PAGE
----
http://www.goleancaribbean.com/blog/?p=15580 Caribbean Unity? Religion’s Role: False Friend
http://www.goleancaribbean.com/blog/?p=14482 International Women’s Day – Protecting Rural Women
http://www.goleancaribbean.com/blog/?p=11224 ‘Loose Lips Sink Ships’ – Fanatical Theologians Undermine Tourism
http://www.goleancaribbean.com/blog/?p=10566 Funding the Caribbean Security Pact
http://www.goleancaribbean.com/blog/?p=10216 Waging a Successful War on Orthodoxy
http://www.goleancaribbean.com/blog/?p=9766 Rwanda’s Catholic bishops apologize for genocide
http://www.goleancaribbean.com/blog/?p=6718 A Lesson in History Before the Civil War: Compromising Human Rights
http://www.goleancaribbean.com/blog/?p=5695 Repenting, Forgiving and Reconciling the Past
http://www.goleancaribbean.com/blog/?p=5210 Cruise Ship Labor Abuses – Getting Ready for Change
http://www.goleancaribbean.com/blog/?p=4971 A Lesson in Church History – Royal Charters: Truth & Consequence
http://www.goleancaribbean.com/blog/?p=341 US slams Caribbean human rights practices

As a result of Jonestown 1978, the expression “drinking the Kool-Aid” has entered into the English-speaking lexicon. Yes, this 40 year old tragedy in Guyana has branded the Caribbean with a global brand as inadequate and Less Than when it comes to effective governance in public safety and Human Rights protection.

After all, one third of the 918 victims in Jonestown were minor children.

Surely we have learned lessons in the 40 years since. Surely, we have now learned how to protect our people … and our visitors.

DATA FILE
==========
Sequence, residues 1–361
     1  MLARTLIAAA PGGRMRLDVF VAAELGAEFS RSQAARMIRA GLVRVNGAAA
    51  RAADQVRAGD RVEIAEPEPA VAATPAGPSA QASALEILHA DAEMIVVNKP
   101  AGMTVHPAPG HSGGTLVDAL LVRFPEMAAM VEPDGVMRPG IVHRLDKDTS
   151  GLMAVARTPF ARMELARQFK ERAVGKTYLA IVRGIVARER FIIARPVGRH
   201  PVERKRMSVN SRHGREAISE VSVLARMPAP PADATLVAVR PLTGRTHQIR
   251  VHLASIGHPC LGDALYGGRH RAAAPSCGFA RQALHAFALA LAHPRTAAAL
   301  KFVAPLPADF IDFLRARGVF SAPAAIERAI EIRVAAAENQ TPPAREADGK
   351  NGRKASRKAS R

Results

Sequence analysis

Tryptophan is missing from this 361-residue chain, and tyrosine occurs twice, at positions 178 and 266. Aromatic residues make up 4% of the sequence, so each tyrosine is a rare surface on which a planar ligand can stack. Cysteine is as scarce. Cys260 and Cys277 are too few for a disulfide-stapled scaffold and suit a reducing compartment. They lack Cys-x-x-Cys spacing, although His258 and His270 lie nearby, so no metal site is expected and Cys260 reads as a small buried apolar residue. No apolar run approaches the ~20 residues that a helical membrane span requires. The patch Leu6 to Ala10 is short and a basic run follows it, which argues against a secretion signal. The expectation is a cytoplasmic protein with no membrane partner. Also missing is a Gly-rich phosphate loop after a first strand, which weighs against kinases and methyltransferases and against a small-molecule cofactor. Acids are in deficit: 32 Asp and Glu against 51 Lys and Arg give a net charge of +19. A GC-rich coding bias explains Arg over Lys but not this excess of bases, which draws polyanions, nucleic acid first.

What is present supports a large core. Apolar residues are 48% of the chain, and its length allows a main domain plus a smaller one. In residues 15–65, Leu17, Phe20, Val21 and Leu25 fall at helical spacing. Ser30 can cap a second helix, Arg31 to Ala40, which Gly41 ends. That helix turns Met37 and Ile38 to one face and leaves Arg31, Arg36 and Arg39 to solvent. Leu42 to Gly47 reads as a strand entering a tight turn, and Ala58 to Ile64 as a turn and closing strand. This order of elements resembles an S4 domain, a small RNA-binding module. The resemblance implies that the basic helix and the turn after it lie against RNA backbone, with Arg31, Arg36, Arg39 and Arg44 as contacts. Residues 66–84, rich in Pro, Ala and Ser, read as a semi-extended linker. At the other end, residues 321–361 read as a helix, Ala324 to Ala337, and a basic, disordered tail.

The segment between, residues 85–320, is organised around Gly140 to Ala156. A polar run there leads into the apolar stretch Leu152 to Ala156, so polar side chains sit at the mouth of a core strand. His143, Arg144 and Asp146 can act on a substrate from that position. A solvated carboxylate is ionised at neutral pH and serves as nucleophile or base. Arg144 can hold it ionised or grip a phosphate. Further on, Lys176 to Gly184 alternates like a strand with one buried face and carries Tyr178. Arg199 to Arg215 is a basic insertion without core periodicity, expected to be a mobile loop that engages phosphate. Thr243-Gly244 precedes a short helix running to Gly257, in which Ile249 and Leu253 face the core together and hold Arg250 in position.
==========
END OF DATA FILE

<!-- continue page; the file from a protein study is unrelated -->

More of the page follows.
Surely, our communities will embrace all strategies, tactics, implementations and advocacies to ensure such a tragedy will never happen again.

The Go Lean book is the lesson-learn.

Surely, this roadmap will be embraced and adopted as part of the regional pledge of NEVER AGAIN.

We urge all Caribbean stakeholders to lean-in to this roadmap to reboot the region, to bring change … and empowerment. We must make sure those 918 lives were not lost in vain; We must learn the lessons from Jonestown. We must make our communities better places to live, work and play. 🙂

Download the book Go Lean … Caribbean – now!

Sign the petition to lean-in for this roadmap for the Caribbean Union Trade Federation.


Appendix VIDEO – The Story of The Jonestown Massacre – https://youtu.be/GKqQ1CyneWw

Published on Feb 5, 2018 – The Jonestown massacre was a horrendous event that led to the deaths of almost a thousand people. Today we tell the story that led up to that most horrendous of days.